Some time later, a guy approached Hall and said he'd been trying to find him to audition for the play. Hall said he already had been turned down.

    No, wait, the guy said, there's another part for you. So Hall went and tried out and won the role of the character that years later evolved into Sach. (Or is it Satch?)

    Anyway, the guy who tracked Hall down was Martin Gabel -- yep, the Martin Gabel of stage, screen and "What's My Line?" and the husband of Arlene Francis.

  3. The usual TCM weekend hijinks are on hiatus due to Memorial Day...but on June 4th at 10:30am, the Boys are back in "Crazy Over Horses"!

  4. "Hard-Boiled Mahoney" was the second Bowery Boys movie I saw; "Angels In Disguise" was the first.
    The Chicago station was running them twice a week, Wednesdays and Saturdays.
    Between the Bowery Boys, Bomba the Jungle Boy, and late-period Charlie Chan, my adolescence gave me a major appreciation for the work of Monogram Pictures.
    From an early age, I was a credit reader. When I noticed that most of the BB movies were directed by either William Beaudine (who at this point - 1963 - was the regular director of LASSIE) or Jean Yarbrough (who did the Abbott & Costello TV show), a lifetime of making connections began in earnest.

    Names always got my attention, especially if they were names I wouldn't see or hear in my Catholic school.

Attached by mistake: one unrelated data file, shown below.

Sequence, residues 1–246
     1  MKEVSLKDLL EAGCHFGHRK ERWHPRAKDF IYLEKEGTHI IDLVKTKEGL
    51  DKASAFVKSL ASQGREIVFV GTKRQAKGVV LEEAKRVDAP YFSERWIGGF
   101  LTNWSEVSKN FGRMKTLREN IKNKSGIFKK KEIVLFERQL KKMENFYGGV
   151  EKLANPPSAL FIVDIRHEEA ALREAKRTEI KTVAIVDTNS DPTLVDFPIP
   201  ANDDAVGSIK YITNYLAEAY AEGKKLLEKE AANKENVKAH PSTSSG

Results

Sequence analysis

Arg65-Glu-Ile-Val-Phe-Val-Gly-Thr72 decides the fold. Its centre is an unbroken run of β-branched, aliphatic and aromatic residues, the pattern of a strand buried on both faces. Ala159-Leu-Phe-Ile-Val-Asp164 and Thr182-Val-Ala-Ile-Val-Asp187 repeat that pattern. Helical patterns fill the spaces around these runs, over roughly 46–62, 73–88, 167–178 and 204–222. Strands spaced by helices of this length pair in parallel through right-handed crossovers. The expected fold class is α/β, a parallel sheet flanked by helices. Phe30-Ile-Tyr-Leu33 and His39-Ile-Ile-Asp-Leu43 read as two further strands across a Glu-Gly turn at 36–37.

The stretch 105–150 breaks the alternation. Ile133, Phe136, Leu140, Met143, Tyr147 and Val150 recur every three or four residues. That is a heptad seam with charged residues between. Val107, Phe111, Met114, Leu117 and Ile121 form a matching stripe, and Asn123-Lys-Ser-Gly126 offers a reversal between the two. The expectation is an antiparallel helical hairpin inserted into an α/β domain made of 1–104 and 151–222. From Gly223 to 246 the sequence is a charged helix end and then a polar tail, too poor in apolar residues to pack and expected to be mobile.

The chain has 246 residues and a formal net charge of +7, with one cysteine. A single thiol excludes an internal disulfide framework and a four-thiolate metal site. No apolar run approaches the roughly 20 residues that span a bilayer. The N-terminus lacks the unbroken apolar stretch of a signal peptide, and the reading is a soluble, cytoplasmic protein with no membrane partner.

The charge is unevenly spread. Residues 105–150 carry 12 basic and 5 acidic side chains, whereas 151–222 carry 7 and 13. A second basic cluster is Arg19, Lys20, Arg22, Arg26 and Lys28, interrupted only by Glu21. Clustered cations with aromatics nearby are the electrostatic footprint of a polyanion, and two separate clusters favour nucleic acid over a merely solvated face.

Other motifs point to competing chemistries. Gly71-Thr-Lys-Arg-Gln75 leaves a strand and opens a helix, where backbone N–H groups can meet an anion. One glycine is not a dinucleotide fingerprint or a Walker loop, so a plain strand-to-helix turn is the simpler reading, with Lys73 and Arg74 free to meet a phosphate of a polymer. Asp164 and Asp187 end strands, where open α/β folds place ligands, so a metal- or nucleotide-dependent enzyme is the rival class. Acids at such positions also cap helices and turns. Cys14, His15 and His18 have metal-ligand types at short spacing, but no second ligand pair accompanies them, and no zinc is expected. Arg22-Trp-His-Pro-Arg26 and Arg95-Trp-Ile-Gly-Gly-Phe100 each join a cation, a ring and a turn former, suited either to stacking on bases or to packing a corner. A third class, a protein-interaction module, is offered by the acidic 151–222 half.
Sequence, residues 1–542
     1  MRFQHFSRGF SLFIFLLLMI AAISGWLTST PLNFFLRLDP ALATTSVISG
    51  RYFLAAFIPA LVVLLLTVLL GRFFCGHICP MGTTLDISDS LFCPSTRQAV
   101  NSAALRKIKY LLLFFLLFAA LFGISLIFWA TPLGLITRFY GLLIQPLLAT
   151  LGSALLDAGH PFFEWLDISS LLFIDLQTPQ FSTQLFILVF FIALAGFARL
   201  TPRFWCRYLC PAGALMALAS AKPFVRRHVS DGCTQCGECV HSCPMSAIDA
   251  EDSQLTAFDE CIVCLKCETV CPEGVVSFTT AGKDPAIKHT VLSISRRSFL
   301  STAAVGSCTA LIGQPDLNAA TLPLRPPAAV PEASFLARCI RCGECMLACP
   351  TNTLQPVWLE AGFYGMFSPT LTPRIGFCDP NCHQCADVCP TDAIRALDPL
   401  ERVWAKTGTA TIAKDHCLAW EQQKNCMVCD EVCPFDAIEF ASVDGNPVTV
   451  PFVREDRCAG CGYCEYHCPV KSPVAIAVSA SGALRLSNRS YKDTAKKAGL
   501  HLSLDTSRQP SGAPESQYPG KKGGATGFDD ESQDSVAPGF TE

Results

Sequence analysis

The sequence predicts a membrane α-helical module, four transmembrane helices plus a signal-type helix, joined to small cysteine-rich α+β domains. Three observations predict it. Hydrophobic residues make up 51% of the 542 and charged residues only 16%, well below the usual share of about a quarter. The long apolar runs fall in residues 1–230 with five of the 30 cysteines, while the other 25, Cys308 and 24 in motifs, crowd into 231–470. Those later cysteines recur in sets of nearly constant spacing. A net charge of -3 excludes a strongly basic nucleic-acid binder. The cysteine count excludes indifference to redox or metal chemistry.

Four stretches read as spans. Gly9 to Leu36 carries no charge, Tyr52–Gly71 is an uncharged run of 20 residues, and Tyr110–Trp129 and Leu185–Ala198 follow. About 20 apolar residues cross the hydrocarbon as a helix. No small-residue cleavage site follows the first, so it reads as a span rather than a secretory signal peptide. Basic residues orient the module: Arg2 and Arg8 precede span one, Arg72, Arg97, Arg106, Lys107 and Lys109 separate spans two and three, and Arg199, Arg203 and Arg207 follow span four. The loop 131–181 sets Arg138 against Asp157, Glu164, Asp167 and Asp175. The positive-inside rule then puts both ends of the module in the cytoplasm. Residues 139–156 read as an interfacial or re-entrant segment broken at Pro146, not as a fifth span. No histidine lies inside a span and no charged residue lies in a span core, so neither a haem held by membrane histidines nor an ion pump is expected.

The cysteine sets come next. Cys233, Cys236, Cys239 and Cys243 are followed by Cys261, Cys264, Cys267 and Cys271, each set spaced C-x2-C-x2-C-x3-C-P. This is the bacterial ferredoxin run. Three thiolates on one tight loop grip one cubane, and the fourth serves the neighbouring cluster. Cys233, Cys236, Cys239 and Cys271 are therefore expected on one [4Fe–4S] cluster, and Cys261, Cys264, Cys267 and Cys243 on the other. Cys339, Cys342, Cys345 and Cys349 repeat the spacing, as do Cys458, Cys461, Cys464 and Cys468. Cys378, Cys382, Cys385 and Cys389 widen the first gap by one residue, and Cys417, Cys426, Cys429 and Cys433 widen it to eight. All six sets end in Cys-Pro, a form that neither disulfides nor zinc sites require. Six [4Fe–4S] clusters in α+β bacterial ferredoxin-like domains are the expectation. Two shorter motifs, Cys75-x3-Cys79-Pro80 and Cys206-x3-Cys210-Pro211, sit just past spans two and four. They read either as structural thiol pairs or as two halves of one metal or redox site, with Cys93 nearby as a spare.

The early Bowery Boys films were produced by Jan Grippo - a name that you'd notice.
    I learned many years later that Jan Grippo was Leo Gorcey's agent - and that the two of them were essentially partners in the production.
    So it was Leo Gorcey who cast his father Bernard (and his brother David) in the BB movies; at the least, that was a perk for him.

    Some unexpected highlights would be "Smuggler's Cove", where Leo met his second wife Amelita Ward; "Bowery To Bagdad", with Eric Blore as a drunk genie; "High Society", which was nominated for an Oscar by mistake (it's a short but silly story; you can look it up).

    I'm cribbing most of this from The Films Of The Bowery Boys, by David Hayes and Brent Walker; this is one of those Citadel Press film books that tells you most of what you want to know about any film subject.
    Recently, I've also acquired biographies of Leo Gorcey (written by his son Leo Junior) and Huntz Hall (introduced by his son, the Very Reverend Gary Hall). The DVDs are on order.

    Circa 1968, Huntz Hall appeared on Johnny Carson's Tonight show in New York; I believe he was appearing in an off-Broadway play at the time.
    On the Carson show, Hall was well-dressed, well-groomed, and very well-spoken.
    Several weeks later, when Carson brought Tonight to Hollywood for a sweeps week visit, Leo Gorcey came on as a guest (the story goes that Huntz Hall brokered the appearance).
    Gorcey came out reeling and grinning, plainly feeling no pain; his clothes looked like he slept in them, and his conversation sounded much the same.
    Gorcey only made a handful of appearances after this, always with Huntz Hall supporting him (in several senses of that word).

    "More Than You Wanted To Know" will return.

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About Me

Hi. I am, according to my Wikipedia entry,(which I did not create) a noted television writer, playwright, screenwriter, and occasional actor. You can Google me or go to the IMDB to get my credits, and you can come here to get my opinions on things, which I'll try to express eloquently. Hopefully I'll succeed. You can also e-mail me at Perhaps my biggest claim to fame is being responsible, for about six months in 1975, while Head Writer for the "Happy Days" TV series, for Americans saying to each other "Sit on it."